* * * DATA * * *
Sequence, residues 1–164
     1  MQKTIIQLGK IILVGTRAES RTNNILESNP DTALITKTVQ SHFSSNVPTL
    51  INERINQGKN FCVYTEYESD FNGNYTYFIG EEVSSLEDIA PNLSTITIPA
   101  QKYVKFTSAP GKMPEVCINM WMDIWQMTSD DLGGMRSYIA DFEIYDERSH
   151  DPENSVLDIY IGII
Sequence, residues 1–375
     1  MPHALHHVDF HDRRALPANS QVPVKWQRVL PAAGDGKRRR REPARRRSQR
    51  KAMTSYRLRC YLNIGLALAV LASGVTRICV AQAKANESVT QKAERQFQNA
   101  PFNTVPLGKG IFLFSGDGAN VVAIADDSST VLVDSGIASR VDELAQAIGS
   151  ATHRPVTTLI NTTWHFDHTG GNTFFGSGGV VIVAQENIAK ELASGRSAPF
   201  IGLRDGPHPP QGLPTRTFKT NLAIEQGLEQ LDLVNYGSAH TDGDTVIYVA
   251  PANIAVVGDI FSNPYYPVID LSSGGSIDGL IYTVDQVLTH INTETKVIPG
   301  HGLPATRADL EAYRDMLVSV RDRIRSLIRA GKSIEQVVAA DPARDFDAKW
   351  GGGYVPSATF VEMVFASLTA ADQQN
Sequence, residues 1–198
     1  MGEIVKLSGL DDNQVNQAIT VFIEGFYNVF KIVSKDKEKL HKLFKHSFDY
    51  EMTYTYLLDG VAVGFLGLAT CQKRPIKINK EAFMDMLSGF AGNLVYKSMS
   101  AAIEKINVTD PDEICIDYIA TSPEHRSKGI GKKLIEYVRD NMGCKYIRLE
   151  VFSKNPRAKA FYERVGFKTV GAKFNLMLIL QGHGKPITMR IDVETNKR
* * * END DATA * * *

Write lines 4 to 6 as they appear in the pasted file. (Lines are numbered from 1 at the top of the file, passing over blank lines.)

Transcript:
   101  QKYVKFTSAP GKMPEVCINM WMDIWQMTSD DLGGMRSYIA DFEIYDERSH
   151  DPENSVLDIY IGII
Sequence, residues 1–375